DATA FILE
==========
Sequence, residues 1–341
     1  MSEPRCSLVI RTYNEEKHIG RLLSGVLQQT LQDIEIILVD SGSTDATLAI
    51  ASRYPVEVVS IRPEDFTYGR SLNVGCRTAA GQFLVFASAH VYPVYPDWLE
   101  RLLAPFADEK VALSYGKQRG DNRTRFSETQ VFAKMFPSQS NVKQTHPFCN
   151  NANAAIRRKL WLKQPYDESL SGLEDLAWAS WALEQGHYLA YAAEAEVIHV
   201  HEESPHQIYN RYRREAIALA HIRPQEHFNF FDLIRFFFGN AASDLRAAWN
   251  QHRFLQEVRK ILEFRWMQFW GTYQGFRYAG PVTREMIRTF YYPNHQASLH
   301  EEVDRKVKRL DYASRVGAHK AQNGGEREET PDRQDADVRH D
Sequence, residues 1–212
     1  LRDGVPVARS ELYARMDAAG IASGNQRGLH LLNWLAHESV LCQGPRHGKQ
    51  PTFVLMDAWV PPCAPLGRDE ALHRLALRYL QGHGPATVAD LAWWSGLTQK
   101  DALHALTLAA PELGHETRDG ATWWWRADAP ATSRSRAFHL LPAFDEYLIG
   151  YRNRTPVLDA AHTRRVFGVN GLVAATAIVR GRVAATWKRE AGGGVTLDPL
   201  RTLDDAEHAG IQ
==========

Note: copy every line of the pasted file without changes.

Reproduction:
Sequence, residues 1–341
     1  MSEPRCSLVI RTYNEEKHIG RLLSGVLQQT LQDIEIILVD SGSTDATLAI
    51  ASRYPVEVVS IRPEDFTYGR SLNVGCRTAA GQFLVFASAH VYPVYPDWLE
   101  RLLAPFADEK VALSYGKQRG DNRTRFSETQ VFAKMFPSQS NVKQTHPFCN
   151  NANAAIRRKL WLKQPYDESL SGLEDLAWAS WALEQGHYLA YAAEAEVIHV
   201  HEESPHQIYN RYRREAIALA HIRPQEHFNF FDLIRFFFGN AASDLRAAWN
   251  QHRFLQEVRK ILEFRWMQFW GTYQGFRYAG PVTREMIRTF YYPNHQASLH
   301  EEVDRKVKRL DYASRVGAHK AQNGGEREET PDRQDADVRH D
Sequence, residues 1–212
     1  LRDGVPVARS ELYARMDAAG IASGNQRGLH LLNWLAHESV LCQGPRHGKQ
    51  PTFVLMDAWV PPCAPLGRDE ALHRLALRYL QGHGPATVAD LAWWSGLTQK
   101  DALHALTLAA PELGHETRDG ATWWWRADAP ATSRSRAFHL LPAFDEYLIG
   151  YRNRTPVLDA AHTRRVFGVN GLVAATAIVR GRVAATWKRE AGGGVTLDPL
   201  RTLDDAEHAG IQ